Bay Shore Cinema

1881 Sunrise Highway,
Bay Shore, NY 11706

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Additional Info

Previously operated by: Associated Prudential Theaters Inc., United Artists Theater Circuit Inc.

Architects: Maurice D. Sornik

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News About This Theater

Bayshore Cinema demolition 1991

This single screen theatre stood on the outside of the Bay Shore Drive-In. Not to be confused with the indoor screen that was within the drive-in property.

The Bay Shore Cinema was opened by the Prudential Theatres chain 1962. The Bay Shore Cinema played “Rocky Horror Picture Show” every Friday and Saturday at midnight for many years. Later operated by RKO Century Warner, it closed in 1990.

Contributed by RobertR

Recent comments (view all 20 comments)

Joe Vogel
Joe Vogel on November 10, 2009 at 2:43 am

Could someone who has seen this theater take a look at the picture on the cover of Boxoffice Magazine for January 7, 1963, and tell me if the 1962 Maurice Sornik-designed house for Prudential Theatres it depicts is the Bay Shore Cinema in New York? The caption says that it is in Bay Shore, New Jersey, but I’ve been unable to find any confirmation that the New Jersey town ever had a theater called the Cinema. I think the caption writer might have made a mistake.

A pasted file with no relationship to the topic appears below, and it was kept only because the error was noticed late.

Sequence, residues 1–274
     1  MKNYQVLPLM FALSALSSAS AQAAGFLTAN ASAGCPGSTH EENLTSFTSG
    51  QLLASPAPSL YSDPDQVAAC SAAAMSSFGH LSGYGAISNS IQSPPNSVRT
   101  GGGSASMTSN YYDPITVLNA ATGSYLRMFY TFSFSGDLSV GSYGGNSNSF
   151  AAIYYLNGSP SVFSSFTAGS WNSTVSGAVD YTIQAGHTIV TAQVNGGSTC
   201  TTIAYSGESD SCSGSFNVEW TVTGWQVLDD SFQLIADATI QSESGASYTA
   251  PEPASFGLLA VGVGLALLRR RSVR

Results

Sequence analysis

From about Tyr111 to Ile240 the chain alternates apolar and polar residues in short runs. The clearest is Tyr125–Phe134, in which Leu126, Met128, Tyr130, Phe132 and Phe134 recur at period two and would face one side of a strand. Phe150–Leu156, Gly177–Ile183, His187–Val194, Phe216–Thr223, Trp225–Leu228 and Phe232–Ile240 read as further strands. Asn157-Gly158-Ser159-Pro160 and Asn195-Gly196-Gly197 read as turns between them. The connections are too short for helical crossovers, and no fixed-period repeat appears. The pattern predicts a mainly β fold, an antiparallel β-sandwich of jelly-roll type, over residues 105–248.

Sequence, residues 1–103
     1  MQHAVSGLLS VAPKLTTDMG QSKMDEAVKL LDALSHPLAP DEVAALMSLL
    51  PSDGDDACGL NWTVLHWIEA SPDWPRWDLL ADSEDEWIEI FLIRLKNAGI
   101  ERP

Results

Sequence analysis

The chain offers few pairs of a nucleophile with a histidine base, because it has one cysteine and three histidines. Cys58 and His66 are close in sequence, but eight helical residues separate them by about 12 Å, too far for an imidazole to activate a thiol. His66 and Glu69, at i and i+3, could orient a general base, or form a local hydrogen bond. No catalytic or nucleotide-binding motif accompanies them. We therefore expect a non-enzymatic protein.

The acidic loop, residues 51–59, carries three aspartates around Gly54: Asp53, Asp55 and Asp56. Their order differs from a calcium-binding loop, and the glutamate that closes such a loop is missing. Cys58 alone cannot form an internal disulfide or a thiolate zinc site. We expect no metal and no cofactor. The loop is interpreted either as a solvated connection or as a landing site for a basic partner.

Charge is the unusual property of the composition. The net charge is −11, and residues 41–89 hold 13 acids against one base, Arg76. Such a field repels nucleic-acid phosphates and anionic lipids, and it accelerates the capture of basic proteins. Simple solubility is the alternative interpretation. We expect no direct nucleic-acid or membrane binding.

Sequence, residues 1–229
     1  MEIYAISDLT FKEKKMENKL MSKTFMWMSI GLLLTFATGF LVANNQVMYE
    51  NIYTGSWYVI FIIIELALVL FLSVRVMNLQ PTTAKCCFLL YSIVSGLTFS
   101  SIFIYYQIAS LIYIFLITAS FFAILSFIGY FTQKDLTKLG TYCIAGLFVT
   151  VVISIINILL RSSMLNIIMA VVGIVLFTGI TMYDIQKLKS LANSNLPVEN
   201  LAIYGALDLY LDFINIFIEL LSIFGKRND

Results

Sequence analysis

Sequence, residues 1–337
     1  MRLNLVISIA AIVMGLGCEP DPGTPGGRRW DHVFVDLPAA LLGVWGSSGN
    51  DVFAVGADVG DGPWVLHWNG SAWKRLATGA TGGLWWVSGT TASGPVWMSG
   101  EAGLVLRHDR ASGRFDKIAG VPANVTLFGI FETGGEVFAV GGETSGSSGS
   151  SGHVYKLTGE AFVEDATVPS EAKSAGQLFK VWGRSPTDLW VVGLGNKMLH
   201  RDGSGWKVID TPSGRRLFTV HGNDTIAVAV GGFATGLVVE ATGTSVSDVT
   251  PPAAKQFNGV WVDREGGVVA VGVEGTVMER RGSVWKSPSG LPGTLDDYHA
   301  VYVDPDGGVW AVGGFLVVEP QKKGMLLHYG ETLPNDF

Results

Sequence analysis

jpark377 on November 6, 2010 at 11:07 pm

Joe V., would have liked to see that cover for Boxoffice Magazine. I guess you took it down?

Ed Solero
Ed Solero on August 29, 2011 at 12:43 pm

Took my then 12-year old brother here back in the late summer of 1985 to see the decidedly R-rated “Return of the Living Dead.” Not sure what I was thinking! He seemed to perk-up when a girl in the film did a striptease number in the middle of a graveyard! Ah the classic B cinema of the 1980’s!

robboehm on August 29, 2011 at 10:53 pm

There was originally a plan to have multiple theatres on the site and called Cinema City. Then the bottom dropped out of the movie business.

moviegoer on October 22, 2011 at 1:25 am